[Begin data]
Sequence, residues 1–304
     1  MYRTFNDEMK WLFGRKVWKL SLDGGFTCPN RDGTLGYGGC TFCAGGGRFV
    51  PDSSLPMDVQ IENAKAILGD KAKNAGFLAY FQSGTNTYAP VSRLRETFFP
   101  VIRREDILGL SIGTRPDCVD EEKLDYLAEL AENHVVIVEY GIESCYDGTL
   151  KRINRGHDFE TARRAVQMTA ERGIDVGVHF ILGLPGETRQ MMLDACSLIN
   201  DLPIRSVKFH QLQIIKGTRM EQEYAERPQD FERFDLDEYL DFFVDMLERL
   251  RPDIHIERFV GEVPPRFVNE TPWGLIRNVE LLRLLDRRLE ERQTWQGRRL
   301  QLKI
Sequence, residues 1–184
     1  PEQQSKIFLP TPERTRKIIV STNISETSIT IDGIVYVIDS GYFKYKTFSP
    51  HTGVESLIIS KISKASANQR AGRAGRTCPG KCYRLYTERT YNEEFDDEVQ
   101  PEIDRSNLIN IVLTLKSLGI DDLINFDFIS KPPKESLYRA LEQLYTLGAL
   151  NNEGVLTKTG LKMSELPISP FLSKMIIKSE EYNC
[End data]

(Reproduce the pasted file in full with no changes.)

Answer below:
Sequence, residues 1–304
     1  MYRTFNDEMK WLFGRKVWKL SLDGGFTCPN RDGTLGYGGC TFCAGGGRFV
    51  PDSSLPMDVQ IENAKAILGD KAKNAGFLAY FQSGTNTYAP VSRLRETFFP
   101  VIRREDILGL SIGTRPDCVD EEKLDYLAEL AENHVVIVEY GIESCYDGTL
   151  KRINRGHDFE TARRAVQMTA ERGIDVGVHF ILGLPGETRQ MMLDACSLIN
   201  DLPIRSVKFH QLQIIKGTRM EQEYAERPQD FERFDLDEYL DFFVDMLERL
   251  RPDIHIERFV GEVPPRFVNE TPWGLIRNVE LLRLLDRRLE ERQTWQGRRL
   301  QLKI
Sequence, residues 1–184
     1  PEQQSKIFLP TPERTRKIIV STNISETSIT IDGIVYVIDS GYFKYKTFSP
    51  HTGVESLIIS KISKASANQR AGRAGRTCPG KCYRLYTERT YNEEFDDEVQ
   101  PEIDRSNLIN IVLTLKSLGI DDLINFDFIS KPPKESLYRA LEQLYTLGAL
   151  NNEGVLTKTG LKMSELPISP FLSKMIIKSE EYNC